By Matt Finn, ,
Published January 25, 2017
Even as President Trump was poised to put an end to sanctuary cities, Chicago's teachers union demanded that the Windy City's public schools become a safe haven for undocumented students.
The call, combined with Mayor Rahm Emanuel's insistence that his city continue to defy federal immigration authorities, puts Chicago front and center in the looming sanctuary battle.
“Schools need to be the first point of safety for students traumatized by raids, deportations, discrimination, hate crimes and persecution by police and from other acts of violence,” said Viveka Ray-Mazumder, a leader of a coalition of community groups and public employees.
In a written resolution, the coalition is demanding that the Chicago school district “not assist or facilitate the U.S. Department of Homeland Security (DHS) access to school databases, facilities, equipment, personnel…” and also that the district “not cooperate with ICE, DHS, or other agencies.”
Just as sanctuary cities refuse to cooperate with federal immigration authorities when they identify illegal immigrants, schools that so designate themselves would decline to share immigration information about students.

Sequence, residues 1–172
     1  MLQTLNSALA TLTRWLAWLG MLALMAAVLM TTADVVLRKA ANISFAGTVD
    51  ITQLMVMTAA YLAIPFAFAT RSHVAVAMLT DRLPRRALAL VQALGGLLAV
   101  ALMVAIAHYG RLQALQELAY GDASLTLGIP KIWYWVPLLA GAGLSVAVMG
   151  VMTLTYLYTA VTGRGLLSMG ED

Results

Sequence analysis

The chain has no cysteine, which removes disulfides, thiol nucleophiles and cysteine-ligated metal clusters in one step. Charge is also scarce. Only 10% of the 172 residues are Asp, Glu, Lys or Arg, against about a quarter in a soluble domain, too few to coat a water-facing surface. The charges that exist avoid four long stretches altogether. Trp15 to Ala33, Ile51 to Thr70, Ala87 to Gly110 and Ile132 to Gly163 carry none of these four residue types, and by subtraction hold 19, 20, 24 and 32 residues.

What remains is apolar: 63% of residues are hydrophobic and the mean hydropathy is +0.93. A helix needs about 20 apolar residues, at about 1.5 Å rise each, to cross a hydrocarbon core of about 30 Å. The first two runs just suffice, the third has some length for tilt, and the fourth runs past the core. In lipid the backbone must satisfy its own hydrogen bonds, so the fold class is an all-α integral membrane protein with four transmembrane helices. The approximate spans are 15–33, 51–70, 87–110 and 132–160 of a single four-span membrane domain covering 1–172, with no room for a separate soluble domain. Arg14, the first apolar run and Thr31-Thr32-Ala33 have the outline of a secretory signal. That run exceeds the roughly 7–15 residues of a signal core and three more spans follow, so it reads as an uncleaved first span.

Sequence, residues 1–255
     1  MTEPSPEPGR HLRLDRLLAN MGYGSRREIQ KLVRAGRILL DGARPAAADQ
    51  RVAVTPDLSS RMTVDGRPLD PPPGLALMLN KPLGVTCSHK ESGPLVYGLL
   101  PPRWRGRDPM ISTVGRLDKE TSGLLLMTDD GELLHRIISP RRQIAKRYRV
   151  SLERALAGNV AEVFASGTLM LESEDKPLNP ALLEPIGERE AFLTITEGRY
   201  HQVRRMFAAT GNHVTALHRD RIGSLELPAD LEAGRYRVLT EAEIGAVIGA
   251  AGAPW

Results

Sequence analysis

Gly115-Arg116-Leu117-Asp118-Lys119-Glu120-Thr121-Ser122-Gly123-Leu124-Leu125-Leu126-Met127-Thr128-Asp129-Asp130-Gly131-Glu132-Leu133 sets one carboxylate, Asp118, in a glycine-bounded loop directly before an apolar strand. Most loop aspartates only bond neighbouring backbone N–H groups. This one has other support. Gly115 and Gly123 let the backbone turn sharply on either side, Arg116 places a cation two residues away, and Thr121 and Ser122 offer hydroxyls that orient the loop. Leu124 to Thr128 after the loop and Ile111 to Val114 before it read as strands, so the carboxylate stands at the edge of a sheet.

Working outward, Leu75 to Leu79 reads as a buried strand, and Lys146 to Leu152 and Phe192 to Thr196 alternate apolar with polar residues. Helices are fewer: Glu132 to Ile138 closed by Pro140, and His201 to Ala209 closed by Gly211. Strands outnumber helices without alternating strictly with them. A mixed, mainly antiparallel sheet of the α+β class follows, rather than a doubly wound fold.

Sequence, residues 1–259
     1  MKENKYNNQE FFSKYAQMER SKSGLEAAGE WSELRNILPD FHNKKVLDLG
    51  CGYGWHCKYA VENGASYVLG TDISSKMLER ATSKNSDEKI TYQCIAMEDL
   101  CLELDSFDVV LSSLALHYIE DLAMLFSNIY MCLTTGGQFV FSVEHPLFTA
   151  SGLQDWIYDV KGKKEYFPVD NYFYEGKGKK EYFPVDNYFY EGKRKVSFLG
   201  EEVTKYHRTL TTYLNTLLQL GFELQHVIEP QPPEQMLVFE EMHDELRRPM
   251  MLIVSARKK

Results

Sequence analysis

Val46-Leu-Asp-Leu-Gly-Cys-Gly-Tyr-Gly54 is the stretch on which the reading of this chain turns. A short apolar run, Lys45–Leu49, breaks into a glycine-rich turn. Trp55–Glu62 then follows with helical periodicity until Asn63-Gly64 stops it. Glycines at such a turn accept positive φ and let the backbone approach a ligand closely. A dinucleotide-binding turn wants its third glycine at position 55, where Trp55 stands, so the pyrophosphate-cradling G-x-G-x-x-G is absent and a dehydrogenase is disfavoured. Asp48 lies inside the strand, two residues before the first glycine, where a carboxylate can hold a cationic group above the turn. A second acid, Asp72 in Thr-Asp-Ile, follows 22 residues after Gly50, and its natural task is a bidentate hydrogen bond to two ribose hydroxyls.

Trump has said he will move to withhold federal funding to sanctuary cities, but it is not clear what his administration would do about school districts that, for example, don't respond to a warrant on a student.
Critics argue sanctuary cities and schools can create a haven for criminals and is just an excuse for underperformance.
“It is about them trying to cling to power because they cannot defend performance, so they have to misdirect your attention away from somebody allegedly who is coming for you,” said conservative radio host Dan Proft. “Unless you’re a violent criminal who is here illegally, they’re not coming for you.”
The Chicago public school district would join a list of dozens of self-declared sanctuary school districts across the country. However, CPS is one of the nation’s largest districts with more than 380,000 students, so it would set a large precedent if it did pursue becoming a sanctuary.
Emanuel is scheduled to publicly respond to President Trump’s executive orders on immigration and sanctuary cities on Wednesday afternoon.